Often heralded as the ‘Mother of MSMEs’, Valerie Veira will be among 215 persons, including members of uniformed groups, to be recognised for their contribution to national development at the National Honours and Awards ceremony, to be held at King’s House on Monday, October 21.
The Chief Executive Officer (CEO) of the Jamaica Business Development Corporation (JBDC) will be awarded the Order of Distinction in the Rank of Commander (CD) for Stellar Public Service and Visionary Leadership in the field of Industrial Development.
According to Ms. Veira, her more than 40 years in the public sector was not by chance, but a deliberate move based on her family’s core values.
“Growing up, my family was always about building Jamaica in some way and I saw my entire family being deeply involved in the development of the country, which is why I started my career in 1978 working in the Ministry of National Security,” she explains.
After a decade in that Ministry, she entered the Ministry of Industry (now Ministry of Industry, Commerce, Agriculture and Fisheries), where she has blazed a trail of innovation in industrial development.
Under the tutelage of her mentor, former Permanent Secretary, Warren Woodham, Miss Veira learnt about leadership, business development and commerce.
“In 1987, Mr. Woodham decided my career needs to be moving to another level and suggested that I interviewed to go to the Harvard Kennedy School. I believe he saw some leadership qualities that I didn’t see and I went there and I learnt a lot,” she tells JIS News.
On her return to Jamaica, Ms. Veira assumed the position as the Assistant Vice President in charge of the Technical Assistance Division at Jamaica Promotions Corporation (JAMPRO).
“At that point, I realised there was a lot of work to do on the small business development side. At the time, in terms of programmes, it was very fractured,” she notes.
Ms. Veira set out to develop a strategy that would propel the Micro, Small and Medium-size Enterprise (MSME) sector forward.
Her determination and passion saw her leading projects funded by international agencies that resulted in the establishment of a limited liability company, the JBDC, which provides business development services to the MSME sector.
According to Ms. Veira, since the formation of the JBDC in 2001, one of its biggest achievements is how it has helped to change the narrative on MSMEs locally.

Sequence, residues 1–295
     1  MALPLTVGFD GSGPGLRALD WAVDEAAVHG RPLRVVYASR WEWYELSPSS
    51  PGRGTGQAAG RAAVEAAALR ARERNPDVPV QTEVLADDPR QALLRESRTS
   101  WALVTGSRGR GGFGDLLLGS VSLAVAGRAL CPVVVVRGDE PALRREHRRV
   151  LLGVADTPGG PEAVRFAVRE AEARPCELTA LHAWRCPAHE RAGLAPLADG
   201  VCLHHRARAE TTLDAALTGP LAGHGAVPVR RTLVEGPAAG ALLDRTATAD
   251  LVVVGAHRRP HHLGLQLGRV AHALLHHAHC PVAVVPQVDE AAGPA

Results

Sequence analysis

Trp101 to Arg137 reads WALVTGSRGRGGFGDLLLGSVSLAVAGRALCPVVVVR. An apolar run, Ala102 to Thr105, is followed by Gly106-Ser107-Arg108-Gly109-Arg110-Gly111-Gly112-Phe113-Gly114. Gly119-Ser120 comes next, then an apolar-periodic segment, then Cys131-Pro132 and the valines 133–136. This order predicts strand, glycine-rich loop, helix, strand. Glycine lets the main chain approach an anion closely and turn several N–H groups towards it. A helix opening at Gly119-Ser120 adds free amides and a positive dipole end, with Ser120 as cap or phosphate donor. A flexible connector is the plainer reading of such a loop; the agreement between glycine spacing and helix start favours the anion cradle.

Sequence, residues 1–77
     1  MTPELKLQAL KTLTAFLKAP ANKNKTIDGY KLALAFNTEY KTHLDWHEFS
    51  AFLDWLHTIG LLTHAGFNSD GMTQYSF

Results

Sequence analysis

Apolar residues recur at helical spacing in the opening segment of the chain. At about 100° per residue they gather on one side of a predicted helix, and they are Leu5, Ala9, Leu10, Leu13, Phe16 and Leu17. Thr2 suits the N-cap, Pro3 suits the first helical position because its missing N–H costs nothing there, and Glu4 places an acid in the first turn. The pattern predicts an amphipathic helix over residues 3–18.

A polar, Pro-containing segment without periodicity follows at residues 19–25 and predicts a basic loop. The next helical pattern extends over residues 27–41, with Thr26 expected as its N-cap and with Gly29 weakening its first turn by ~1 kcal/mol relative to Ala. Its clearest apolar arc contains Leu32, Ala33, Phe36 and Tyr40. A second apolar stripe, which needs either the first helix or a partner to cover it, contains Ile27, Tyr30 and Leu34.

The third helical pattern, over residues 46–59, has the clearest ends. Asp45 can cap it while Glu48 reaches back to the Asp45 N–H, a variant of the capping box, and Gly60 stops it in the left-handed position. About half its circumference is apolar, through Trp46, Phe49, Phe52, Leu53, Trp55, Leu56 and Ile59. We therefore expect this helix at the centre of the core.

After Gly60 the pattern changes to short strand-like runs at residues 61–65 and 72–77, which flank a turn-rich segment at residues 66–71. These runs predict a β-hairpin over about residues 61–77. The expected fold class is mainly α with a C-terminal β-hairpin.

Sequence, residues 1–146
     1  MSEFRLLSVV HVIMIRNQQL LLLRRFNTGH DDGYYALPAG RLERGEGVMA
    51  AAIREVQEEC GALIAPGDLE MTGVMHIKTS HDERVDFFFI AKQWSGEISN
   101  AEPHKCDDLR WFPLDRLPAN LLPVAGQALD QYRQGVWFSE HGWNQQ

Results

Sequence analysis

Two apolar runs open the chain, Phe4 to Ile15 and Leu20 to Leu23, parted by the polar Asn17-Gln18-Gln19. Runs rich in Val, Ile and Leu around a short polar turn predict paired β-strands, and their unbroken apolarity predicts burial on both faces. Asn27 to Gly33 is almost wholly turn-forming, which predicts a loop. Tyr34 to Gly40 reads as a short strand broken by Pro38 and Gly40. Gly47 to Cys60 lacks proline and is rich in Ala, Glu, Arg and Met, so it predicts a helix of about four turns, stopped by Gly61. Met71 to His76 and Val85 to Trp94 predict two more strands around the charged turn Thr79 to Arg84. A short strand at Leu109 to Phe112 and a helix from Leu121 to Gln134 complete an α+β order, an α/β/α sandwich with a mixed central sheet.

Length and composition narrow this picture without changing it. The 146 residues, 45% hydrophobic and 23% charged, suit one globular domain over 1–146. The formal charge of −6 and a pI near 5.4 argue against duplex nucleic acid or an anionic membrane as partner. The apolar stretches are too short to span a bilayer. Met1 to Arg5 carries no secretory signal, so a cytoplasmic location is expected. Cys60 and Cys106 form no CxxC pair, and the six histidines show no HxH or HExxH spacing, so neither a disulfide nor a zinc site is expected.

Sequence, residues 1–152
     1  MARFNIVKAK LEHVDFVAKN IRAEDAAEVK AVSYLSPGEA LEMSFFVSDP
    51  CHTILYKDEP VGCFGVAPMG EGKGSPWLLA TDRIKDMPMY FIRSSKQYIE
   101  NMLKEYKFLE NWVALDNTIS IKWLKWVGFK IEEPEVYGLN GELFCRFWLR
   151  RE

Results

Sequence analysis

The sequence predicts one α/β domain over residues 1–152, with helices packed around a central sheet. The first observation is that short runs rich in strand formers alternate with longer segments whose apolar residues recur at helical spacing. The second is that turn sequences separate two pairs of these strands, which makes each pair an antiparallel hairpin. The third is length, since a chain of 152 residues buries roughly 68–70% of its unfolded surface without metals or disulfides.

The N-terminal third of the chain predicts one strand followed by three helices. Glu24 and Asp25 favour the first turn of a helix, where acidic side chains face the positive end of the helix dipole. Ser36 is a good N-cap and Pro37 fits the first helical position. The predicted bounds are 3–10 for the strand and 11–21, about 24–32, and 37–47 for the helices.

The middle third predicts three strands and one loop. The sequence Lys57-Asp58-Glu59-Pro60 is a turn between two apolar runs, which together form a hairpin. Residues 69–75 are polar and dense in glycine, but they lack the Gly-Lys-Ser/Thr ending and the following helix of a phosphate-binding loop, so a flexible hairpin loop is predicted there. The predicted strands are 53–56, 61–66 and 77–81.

“When we started, the small businesses were seen as somebody doing a thing and people saw small business as a survival thing, as the alternative to not getting a big job. The MSME sector is now acknowledged in a fulsome way as a contributor to national development,” she emphasised.
The CEO said the organisation’s legacy so far is one that should be recognised.
“The sector has come of age and it’s not just the flavour of the month, it is a viable proposition in national growth, so I believe that is a big legacy that I want to celebrate, because we have been at the forefront of driving that process,” she says.
The work of the organisation has also been acknowledged by regional neighbours who have adopted local models for their industries.
“We have the Small Business Development Centres, which is a business advisory model that we adopted from the United States. In the Caribbean, there is now a network of such models. The JBDC has advanced the concept as it is now business advisory plus, so other countries come and spend time to see how we do and what we do,” she tells JIS News.
As she reflects on the achievements of the organisation, the CEO is focused on guiding others in the public sector.
“A part of my legacy was preparing not only the organisation but the people who can carry the work forward, as I have nurtured persons who can contribute because growth has to continue,” she says.
Ms. Veira argues that persons who join the public sector should view their work as a key part of Jamaica’s development.
“The public sector is an awesome opportunity if you enter with the right attitude. I encourage my colleagues in the service to look outside of the office door to the community that we are supposed to serve, so that when we provide a service, it is at the highest standard and that it is relevant,” she tells JIS News.
Ms. Veira is delighted that her work over the many years is being acknowledged.
“I feel honoured and I appreciate it. It is humbling because you never know people are watching what you are doing because you are enjoying the ride, so you don’t realise that people are paying attention,” she says.